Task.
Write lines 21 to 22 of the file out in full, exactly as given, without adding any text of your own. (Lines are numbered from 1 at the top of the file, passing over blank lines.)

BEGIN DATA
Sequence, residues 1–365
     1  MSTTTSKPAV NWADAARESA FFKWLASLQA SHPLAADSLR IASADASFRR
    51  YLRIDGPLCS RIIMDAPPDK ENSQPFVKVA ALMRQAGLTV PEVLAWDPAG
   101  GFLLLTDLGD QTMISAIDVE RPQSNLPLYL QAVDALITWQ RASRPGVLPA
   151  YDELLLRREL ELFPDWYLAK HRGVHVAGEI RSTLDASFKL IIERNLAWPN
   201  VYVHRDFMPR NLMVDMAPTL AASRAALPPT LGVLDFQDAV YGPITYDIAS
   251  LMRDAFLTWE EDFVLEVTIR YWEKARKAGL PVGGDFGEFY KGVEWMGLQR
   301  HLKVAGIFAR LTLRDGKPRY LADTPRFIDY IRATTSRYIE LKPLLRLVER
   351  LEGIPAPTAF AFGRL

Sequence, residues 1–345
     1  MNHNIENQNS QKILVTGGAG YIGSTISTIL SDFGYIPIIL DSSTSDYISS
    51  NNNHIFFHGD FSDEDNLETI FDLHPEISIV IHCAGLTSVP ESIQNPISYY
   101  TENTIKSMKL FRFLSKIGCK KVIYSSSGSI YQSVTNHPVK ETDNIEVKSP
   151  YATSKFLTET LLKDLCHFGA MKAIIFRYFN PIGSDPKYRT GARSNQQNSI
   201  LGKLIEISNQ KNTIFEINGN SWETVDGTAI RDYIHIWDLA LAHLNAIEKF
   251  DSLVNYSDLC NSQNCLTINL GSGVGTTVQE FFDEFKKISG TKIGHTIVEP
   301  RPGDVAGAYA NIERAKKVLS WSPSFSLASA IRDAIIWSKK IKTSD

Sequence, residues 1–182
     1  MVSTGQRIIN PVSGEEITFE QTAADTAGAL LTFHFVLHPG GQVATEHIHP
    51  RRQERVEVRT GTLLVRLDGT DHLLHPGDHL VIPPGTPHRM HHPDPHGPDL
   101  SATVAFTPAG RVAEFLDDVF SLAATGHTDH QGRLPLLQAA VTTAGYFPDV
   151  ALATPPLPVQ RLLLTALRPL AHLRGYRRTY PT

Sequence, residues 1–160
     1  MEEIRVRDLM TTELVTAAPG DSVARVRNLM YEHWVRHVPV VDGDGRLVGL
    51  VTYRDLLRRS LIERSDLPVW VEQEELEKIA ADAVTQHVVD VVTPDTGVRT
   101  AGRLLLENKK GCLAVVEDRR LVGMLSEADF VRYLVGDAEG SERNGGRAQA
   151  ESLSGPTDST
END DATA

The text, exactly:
   101  SATVAFTPAG RVAEFLDDVF SLAATGHTDH QGRLPLLQAA VTTAGYFPDV
   151  ALATPPLPVQ RLLLTALRPL AHLRGYRRTY PT